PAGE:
In the history of our country, there has been no event or occurrence that was more horrendous than the institution of slavery.
There has been much publicity lately concerning the “whys and wherefores” of the war that ultimately put an end to that terrible time. That argument serves no good purpose.
By one estimate, more than 620,000 men from both sides died during that conflict, which at first divided, but ultimately reunited us, as one nation under God. Most of the casualties were buried far from home and had family members who mourned their loss.
Because there were no remains to bury in the family cemetery plots, memorials were raised in cities and towns across the nation, north and south. One such monument was raised by the Ladies’ Memorial Society in Augusta in memory of their dead fathers, husbands, sons, brothers, uncles, cousins and dear friends.
On April 26, 1875, the cornerstone of the monument was laid on Broad Street. Clement Evans of Columbia County, for whom the town of Evans is named, spoke to the crowd:
“Let us do nothing to keep alive the passions of war. To study its lessons is prudence, to profit by its teaching is wisdom, but to stir up the old animosities is madness. The voice of this monument will not be for war, but for peace. It will say to us the Confederacy expired. Its great life went out on the purple tide of blood that flowed from the hearts of its sons. We have buried it; we don’t intend to exhume its remains. We were utterly defeated, and we dismiss our resentments. Sadly, we parted with the dear old cross of stars which we followed through many a storm of shot and shell, but we take, with the true hand of Southern honor, the staff that holds the flag of the stars and stripes.”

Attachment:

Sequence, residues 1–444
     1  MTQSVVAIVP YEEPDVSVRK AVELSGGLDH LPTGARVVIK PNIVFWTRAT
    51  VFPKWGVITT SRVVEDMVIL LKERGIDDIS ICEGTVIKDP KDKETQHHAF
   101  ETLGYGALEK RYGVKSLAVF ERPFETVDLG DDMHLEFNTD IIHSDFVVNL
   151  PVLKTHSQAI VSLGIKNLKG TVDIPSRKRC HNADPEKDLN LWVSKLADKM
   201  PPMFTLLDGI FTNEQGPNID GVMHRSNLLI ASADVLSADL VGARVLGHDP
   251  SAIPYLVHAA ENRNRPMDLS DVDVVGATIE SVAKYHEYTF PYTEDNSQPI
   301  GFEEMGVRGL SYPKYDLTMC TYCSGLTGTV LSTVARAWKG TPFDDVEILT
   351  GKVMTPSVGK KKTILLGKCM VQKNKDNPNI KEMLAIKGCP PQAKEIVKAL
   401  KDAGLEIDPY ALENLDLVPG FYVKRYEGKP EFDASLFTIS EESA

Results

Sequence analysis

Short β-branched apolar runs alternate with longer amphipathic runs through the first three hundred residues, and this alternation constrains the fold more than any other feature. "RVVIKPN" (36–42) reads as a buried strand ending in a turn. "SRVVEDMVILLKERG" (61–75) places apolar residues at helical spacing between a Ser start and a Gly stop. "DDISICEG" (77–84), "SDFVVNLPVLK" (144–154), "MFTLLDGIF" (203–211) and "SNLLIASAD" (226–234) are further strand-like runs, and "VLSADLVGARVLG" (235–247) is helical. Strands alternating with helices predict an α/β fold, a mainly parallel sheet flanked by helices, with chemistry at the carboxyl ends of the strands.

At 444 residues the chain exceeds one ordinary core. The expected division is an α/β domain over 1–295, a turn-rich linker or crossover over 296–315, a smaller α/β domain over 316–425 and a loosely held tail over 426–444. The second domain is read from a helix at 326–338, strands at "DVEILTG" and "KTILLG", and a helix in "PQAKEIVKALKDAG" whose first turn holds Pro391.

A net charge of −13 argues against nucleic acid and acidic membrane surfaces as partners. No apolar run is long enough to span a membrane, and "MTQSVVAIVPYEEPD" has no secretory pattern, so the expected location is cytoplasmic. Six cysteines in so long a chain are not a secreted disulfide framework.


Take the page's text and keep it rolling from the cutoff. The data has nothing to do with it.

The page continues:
”Afterwards the Ladies’ Memorial Association decorated with flowers the graves of the Confederate and the Federal dead in the Augusta cemetery.” – Macon Daily Telegraph, May 4, 1875.
To some, the Confederate Memorial is a very tall and painful reminder of slavery, and the existence of hatred that still lingers in the hearts of some few Americans. To others it is a sacred gravestone to flawed ancestors long dead. Let us not judge those flawed men too harshly, for who among us is not flawed? Indeed, how will our own actions be judged in one hundred years’ time?
Let us heed the wise words of Clement Evans. Taking down the monument will not erase the painful past, nor will it erase hate in some people’s hearts, but will only cause further division.
Rather than shouting and fighting, we should join our voices together in forgiveness and healing, and look to the future. Those of us who are over 50 know that, even though America has come a long way toward racial equality, we still have miles to go. Let us not go backward. We must move forward in our relationships.
As Evans said, “to stir up the old animosities is madness.”
Catherine Barrett Robertson